(Fair-market rent is defined as non-subsidized, privately owned, clean and safe housing.)
All those rents are up at least 90% since 1980. Family incomes, meantime, haven't risen nearly as much.
That typical rent in Los Angeles represented 25% of the median family income of $34,000 in California last year. But that same rent represented 36.5% of the median black family's income and 35.9% of the median Latino family's income.
For the very poor, the rents are truly unaffordable. The maximum welfare grant in California to a family with dependent children is $694 a month.
Such numbers start to make the picture clearer. Rents have risen faster than incomes, especially for low- and moderate-income people. To afford the higher rates, renters have had to double up.
But the numbers don't explain why fewer apartments are being built in a period of rapid population growth, or why the units that are being built cost so much more to rent. By one industry estimate, more than 10% of the new apartment units that have come on the market in the past year are vacant.
Industry veterans are quick to explain--and complain about--the situation. Nathan Shapell, whose Shapell Industries in Beverly Hills has built thousands of houses and apartments in California, offers some numbers.
He said that, 10 or 15 years ago, land for a new apartment building could be had for $2 a square foot. Now it costs $12 to $50 a square foot, depending on location. Regulatory fees have risen from the $3,000-to-$5,000 range to more than $30,000. Construction costs have jumped to $55 to $65 a square foot from $30 to $35. And interest rates on construction loans have doubled to about 12%.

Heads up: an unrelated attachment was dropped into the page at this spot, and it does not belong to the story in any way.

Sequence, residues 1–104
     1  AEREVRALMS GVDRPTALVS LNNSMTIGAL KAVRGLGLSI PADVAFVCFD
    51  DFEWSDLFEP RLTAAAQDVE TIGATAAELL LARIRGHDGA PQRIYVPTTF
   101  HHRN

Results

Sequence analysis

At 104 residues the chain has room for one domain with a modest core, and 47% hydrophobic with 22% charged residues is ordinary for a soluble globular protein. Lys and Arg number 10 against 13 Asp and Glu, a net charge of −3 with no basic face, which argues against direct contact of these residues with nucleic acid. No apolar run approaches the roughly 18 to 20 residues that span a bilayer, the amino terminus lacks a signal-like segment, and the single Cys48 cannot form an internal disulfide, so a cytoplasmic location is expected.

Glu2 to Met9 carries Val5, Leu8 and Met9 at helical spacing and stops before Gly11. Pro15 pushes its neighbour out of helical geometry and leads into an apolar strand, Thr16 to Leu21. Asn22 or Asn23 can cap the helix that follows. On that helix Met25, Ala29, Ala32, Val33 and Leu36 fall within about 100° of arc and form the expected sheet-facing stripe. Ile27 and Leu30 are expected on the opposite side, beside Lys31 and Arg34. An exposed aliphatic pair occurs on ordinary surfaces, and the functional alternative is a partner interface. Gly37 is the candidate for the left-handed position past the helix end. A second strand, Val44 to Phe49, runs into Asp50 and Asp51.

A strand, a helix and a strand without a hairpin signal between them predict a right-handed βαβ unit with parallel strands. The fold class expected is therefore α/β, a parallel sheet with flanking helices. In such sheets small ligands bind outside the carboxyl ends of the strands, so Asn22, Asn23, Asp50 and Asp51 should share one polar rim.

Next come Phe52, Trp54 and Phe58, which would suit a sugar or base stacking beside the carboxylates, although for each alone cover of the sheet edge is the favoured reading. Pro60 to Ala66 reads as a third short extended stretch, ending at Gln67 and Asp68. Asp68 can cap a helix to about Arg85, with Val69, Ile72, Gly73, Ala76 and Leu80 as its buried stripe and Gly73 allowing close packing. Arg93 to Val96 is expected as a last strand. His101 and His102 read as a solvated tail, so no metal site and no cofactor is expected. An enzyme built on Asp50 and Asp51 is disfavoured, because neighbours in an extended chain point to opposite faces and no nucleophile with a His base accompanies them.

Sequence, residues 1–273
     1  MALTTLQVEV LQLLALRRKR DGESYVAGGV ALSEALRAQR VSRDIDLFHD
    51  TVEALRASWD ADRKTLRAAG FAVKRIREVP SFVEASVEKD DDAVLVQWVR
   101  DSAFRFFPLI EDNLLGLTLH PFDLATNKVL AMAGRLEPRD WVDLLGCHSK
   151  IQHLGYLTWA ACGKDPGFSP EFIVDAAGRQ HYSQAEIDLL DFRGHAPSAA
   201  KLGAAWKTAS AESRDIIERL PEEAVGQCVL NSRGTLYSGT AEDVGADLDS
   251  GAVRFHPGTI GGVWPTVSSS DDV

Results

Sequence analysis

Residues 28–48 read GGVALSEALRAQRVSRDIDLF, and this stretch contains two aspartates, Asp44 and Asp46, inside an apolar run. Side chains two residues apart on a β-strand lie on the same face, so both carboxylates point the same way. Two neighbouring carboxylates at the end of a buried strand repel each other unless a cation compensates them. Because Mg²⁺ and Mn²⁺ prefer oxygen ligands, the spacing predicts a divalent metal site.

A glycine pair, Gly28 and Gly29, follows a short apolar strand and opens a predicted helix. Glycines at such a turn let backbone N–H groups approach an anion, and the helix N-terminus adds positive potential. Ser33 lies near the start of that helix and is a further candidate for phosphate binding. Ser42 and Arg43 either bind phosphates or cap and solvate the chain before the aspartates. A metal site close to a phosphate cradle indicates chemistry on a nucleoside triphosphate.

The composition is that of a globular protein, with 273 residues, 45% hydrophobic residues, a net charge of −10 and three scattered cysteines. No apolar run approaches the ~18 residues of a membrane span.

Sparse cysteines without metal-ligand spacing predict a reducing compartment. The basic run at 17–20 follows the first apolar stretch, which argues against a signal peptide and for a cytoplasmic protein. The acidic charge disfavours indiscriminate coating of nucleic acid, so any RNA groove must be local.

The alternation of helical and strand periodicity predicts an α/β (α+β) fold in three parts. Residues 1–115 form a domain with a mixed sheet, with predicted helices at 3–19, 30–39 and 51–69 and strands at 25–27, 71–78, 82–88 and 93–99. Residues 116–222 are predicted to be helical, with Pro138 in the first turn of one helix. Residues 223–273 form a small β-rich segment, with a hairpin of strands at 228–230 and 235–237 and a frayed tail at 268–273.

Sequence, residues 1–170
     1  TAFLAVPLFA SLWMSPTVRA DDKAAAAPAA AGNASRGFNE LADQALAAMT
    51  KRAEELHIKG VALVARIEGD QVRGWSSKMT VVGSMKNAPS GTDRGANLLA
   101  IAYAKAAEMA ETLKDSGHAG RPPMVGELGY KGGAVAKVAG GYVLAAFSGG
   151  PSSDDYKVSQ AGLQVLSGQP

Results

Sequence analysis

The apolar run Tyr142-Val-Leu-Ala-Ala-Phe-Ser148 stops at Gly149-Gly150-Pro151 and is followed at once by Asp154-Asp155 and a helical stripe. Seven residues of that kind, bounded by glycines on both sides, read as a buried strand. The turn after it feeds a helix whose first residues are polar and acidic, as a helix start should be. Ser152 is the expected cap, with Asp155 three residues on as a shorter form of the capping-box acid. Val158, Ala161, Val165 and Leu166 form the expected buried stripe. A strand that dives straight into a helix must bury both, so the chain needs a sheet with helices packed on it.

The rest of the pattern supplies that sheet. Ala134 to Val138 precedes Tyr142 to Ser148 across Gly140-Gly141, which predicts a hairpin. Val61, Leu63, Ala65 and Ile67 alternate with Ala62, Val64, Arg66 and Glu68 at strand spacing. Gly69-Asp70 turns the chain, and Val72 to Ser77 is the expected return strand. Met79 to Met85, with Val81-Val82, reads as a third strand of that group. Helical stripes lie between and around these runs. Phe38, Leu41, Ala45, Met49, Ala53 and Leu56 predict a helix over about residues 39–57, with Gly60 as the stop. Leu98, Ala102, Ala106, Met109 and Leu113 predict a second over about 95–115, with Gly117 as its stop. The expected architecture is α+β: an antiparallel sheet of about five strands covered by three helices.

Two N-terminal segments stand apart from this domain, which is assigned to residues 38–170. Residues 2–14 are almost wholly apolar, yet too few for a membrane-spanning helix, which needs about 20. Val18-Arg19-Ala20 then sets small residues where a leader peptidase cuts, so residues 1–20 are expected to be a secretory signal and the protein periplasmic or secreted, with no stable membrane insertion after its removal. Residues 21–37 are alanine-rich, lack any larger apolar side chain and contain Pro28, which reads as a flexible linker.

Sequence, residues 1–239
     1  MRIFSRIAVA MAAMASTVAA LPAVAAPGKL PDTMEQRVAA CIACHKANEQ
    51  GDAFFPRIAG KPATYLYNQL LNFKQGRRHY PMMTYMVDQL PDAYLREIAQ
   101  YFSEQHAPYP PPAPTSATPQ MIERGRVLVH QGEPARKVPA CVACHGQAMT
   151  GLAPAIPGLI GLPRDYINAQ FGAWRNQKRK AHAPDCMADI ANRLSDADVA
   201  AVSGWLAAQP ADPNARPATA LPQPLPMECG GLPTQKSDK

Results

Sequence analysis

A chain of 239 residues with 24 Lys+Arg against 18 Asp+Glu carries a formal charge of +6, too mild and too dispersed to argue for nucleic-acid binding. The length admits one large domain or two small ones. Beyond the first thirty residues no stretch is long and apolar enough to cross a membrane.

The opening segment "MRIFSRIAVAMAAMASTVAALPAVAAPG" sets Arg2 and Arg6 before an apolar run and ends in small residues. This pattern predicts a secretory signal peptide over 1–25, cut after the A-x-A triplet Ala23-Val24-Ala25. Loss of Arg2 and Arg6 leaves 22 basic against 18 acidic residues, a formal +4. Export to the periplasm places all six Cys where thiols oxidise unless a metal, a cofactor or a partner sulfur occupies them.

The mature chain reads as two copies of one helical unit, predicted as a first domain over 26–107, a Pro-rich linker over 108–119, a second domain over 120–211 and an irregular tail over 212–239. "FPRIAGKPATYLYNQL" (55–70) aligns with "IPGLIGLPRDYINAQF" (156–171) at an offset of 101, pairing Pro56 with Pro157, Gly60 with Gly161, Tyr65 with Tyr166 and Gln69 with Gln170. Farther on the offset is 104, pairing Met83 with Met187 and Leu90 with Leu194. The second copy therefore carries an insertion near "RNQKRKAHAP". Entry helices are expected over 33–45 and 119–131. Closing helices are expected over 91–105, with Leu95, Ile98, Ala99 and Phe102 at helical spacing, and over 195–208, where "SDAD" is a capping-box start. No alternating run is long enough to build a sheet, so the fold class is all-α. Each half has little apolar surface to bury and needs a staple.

Also, changes in the 1986 federal tax overhaul took away investment incentives for apartment developers.
That all adds up to substantially higher costs--which get passed along to renters. It also means that new apartments sit vacant because the rents are higher than most people can afford. Nobody dislikes the situation more than Shapell, who wants to build more apartments--not fewer.
"There are tremendous vacancies in new apartments at the same time there is a tremendous need for affordable housing," he said. "We end up creating more homeless, and even the people with jobs can't afford the rent."
What's the answer? If welfare and subsidies haven't worked, what will?
Shapell makes a modest proposal that is being tested in a few locations. New single-family housing developments could include apartment units, whose construction costs would be subsidized by slightly higher prices charged for the homes. In return, developers would promise to charge lower rents for the new units.
It might even be that simple.
OWNERS AND RENTERS
Forty-five percent of Californians rent their dwellings, compared to 36% of Americans in general. Only about 20% of Californians can afford to buy a home, while nationally the figure is about 45%.
Existing Housing Units in California, as of 1989:
Attached (condos, etc.): 600,000
Mobile homes: 500,000
Detached: 6 million
Total 7.2 million
Multifamily units (mostly rentals):
2 to 4 units: 900,000
5 or more units: 2.9 million
Total 3.8 million
Source: California Department of Finance